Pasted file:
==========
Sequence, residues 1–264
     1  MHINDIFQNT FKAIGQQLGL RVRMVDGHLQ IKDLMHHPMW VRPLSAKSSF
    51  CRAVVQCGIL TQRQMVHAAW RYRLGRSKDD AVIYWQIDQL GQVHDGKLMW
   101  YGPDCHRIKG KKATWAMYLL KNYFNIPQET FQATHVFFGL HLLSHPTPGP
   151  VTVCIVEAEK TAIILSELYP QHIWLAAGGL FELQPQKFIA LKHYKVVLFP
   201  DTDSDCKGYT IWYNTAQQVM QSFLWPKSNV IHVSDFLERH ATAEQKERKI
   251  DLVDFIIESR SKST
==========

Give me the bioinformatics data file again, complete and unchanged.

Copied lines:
Sequence, residues 1–264
     1  MHINDIFQNT FKAIGQQLGL RVRMVDGHLQ IKDLMHHPMW VRPLSAKSSF
    51  CRAVVQCGIL TQRQMVHAAW RYRLGRSKDD AVIYWQIDQL GQVHDGKLMW
   101  YGPDCHRIKG KKATWAMYLL KNYFNIPQET FQATHVFFGL HLLSHPTPGP
   151  VTVCIVEAEK TAIILSELYP QHIWLAAGGL FELQPQKFIA LKHYKVVLFP
   201  DTDSDCKGYT IWYNTAQQVM QSFLWPKSNV IHVSDFLERH ATAEQKERKI
   251  DLVDFIIESR SKST